Unfortunately, marijuana is still illegal in the eyes of the United States government, even though a Gallup Poll released earlier last week provides pot advocates with some optimistic news: 58% of the American population say they think the government should legalize weed.

Some proponents believe that marijuana will be legal throughout most of the nation by 2020, as public opinion on the issue will likely continue to rise in wake of aggressive legislative efforts to legalize cannabis on both a medicinal and recreational level.

Here is what our pot-friendly, American lawmakers were working on last week:

Washington DC -- Decriminalization Gets Mayor’s Support
District of Columbia mayor Vincent C. Gray says he supports a bill aimed at decriminalizing the possession of small amounts of marijuana; but he wants some changes made to the contents of the bill that will prohibit citizens from getting high in the streets.

The bill, which has already gained majority support from DC council members, would serve to abolish criminal prosecution for individuals busted with less than an ounce of marijuana.

Instead, offenders caught with pot in places other than parks, playgrounds, sidewalks and other public areas, would receive a fine somewhere between $25 to $100 and be required to surrender possession of the substance.

Other aspects of the bill are also being considered, including whether residents would be allowed to grow their own personal crop.

Florida -- Medical Marijuana Could Be On the 2014 Ballot
Florida could be one of the next states to legalize medical marijuana, as supporters have come together to create a petition to get the issue on the ballot in 2014.

United for Care, an advocacy campaign run by People United for Medical Marijuana, was launched over the summer and already has about 180,000 signatures. Yet, the petition requires the signatures of an additional 503,149 registered Florida voters by February 1, 2014 in order to be approved for a spot on the ballot.

Recent polls conducted by the United for Care campaign indicate that 70% of Floridians support the issue of legal medical marijuana.

In 2012, two pieces of legislation aimed at legalizing medical marijuana made it to the state legislature, but did not receive enough consideration.

Wisconsin – Medical Marijuana Program Could Happen Within Six Months
Wisconsin lawmakers introduced a bill last week to legalize medical marijuana across the state, an effort that has already sustained an enormous amount of support.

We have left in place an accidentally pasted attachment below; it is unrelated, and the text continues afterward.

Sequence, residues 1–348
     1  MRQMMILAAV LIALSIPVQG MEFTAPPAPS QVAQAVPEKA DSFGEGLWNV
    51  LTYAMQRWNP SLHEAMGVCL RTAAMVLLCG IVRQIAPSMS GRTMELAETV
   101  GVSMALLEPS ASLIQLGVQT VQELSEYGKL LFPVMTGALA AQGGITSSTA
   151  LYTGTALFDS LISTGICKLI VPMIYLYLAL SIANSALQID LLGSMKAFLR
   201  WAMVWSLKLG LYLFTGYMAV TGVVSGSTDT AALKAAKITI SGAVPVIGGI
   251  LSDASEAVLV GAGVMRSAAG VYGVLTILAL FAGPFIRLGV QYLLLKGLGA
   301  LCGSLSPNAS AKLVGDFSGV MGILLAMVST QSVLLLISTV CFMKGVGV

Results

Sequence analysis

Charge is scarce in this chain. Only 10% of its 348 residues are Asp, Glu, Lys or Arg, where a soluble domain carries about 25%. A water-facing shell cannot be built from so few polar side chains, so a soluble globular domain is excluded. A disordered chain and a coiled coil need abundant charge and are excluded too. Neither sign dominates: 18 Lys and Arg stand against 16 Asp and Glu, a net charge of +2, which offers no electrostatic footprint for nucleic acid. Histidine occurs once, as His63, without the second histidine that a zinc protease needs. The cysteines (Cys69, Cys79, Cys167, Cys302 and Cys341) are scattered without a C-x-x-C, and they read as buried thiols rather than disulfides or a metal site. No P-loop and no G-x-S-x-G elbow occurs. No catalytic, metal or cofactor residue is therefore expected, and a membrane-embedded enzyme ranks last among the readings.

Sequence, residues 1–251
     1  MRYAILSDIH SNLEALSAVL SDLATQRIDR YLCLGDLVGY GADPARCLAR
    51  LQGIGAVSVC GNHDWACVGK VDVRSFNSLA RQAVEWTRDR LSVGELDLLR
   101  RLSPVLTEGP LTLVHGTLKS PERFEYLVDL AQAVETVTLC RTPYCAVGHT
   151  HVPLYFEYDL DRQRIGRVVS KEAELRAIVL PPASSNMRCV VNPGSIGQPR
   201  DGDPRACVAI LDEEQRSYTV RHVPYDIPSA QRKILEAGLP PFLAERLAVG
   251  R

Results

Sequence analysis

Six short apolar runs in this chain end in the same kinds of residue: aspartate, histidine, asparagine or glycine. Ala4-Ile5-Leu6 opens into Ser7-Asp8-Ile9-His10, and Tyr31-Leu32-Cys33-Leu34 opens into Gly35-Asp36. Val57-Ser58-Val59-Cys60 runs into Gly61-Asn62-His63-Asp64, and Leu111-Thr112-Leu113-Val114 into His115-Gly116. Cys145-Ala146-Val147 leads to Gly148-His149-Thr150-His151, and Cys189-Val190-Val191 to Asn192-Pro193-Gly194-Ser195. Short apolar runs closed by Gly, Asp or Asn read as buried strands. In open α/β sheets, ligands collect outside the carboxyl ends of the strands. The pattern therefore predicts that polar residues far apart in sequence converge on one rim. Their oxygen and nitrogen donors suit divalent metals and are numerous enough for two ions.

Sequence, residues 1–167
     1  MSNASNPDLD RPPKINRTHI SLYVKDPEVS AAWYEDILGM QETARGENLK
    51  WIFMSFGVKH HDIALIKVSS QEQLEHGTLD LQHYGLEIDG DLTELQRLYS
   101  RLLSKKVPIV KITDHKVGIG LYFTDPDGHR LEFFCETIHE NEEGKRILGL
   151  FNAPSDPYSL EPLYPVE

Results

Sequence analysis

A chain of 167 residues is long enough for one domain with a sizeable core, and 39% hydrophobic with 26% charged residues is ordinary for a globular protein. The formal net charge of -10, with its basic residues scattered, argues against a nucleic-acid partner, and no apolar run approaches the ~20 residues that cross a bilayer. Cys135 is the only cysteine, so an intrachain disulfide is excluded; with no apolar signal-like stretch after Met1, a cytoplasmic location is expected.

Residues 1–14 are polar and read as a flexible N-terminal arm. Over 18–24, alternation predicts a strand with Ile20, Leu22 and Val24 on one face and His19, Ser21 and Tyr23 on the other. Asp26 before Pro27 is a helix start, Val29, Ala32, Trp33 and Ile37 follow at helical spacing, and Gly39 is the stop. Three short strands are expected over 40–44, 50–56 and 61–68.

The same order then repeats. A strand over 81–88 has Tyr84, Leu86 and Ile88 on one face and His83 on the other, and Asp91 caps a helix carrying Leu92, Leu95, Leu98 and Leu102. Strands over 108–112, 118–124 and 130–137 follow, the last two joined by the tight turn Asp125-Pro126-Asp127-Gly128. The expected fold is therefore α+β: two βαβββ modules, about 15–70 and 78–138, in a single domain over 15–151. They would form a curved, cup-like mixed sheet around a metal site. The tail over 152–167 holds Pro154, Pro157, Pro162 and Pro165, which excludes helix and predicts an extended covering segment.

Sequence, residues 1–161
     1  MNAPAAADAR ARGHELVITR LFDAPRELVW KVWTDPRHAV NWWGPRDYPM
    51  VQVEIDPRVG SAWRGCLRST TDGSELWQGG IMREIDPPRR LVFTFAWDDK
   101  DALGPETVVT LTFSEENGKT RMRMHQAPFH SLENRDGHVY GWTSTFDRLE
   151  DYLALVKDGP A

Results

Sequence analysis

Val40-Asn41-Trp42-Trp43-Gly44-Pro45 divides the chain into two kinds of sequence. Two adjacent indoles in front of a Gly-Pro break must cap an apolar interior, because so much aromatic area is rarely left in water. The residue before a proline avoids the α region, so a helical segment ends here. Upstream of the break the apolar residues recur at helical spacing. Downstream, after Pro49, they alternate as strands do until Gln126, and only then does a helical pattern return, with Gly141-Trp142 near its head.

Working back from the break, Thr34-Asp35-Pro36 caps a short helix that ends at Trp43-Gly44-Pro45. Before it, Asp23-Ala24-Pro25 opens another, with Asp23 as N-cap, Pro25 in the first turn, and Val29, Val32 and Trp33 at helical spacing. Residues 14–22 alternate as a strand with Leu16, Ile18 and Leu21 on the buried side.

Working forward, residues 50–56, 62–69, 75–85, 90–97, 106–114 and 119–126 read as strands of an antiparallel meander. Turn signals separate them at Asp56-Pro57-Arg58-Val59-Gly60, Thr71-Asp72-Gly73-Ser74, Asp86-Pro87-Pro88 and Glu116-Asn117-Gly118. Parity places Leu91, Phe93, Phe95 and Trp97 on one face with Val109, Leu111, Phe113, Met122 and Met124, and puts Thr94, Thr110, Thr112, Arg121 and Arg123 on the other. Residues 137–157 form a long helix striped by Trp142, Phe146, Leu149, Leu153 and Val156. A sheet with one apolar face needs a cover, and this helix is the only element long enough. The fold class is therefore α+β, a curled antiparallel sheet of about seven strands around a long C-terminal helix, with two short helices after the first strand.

Senate Bill 363 would permit registered patients to possess up to three ounces of medical marijuana that could be obtained from either growing their own, an allotted twelve plants, or through a state regulated facility.

The proposal requires medical marijuana dispensaries operate 500 feet or more away from schools, and bans the use of pot on school busses, public transportation, in the workplace, prisons, public parks, beaches and recreation centers.

If the measure is passed, patients suffering from cancer, glaucoma, HIV/AIDS, Crohn's disease, hepatitis C, Alzheimer’s, amyotrophic lateral sclerosis, nail patella syndrome, Ehlers-Danlos Syndrome, and post-traumatic stress disorder could be certified for treatment with medicinal cannabis within the next six months.

Illinois -- Veterans Could Get Okay for Medical Marijuana
Military veterans across Illnois may soon be approved for medical marijuana.

Historically, veterans treated in VA clinics have not been allowed medical marijuana use because their doctors are federal employees, and not allowed to prescribe it due to federal law.

However, a recent amendment to House Bill 1, filed by Representative Lou Lang, serves to provide veterans being treated at a VA clinic for conditions such as cancer, multiple sclerosis, and HIV/AIDS with the ability to receive medical marijuana.

Under the bill, these patients suffering from debilitating illnesses would not be required to have their doctor’s permission to in order to receive medicinal cannabis from the state.

Veterans with approved illnesses would be eligible to receive a certification from the Department of Public Health, which would show the patient is a veteran being treated for one of the 33 debilitating medical conditions currently outlined in Illinois four-year pilot medical marijuana program.

Illinois’ medical marijuana laws go into effect on January 1, 2014.

Oregon -- Recreational Marijuana Could be Legal in 2014
A pro-marijuana initiative was filed late last week with the secretary of state in hopes of making Oregon one of the next states to follow in the footsteps of Colorado and Washington.

New Approach Oregon says it will attempt to twist the arm of legislators in order to get the measure on the November 2014 ballot, but if that does not work, they will move to collect the required 87,213 signatures and let the public sort it out.

The measure is geared towards having marijuana sales regulated by the Oregon Liquor Control Commission, allowing adults over the age of 21 to possess up eight ounces of marijuana and grow up to four plants for personal use -- an aspect of the law that Washington failed to consider.

Already, New Approach has gained national support from large donors responsible for funding the legalization efforts in Colorado and Washington: The Drug Policy Alliance and the Progressive Insurance Company have kicked in a combined contribution of about $82,000 over the past two months to help bring this initiative to fruition.

Representatives of the New Approach campaign say that the contents of their plan are not set in stone and they are open to negotiating with the Legislature.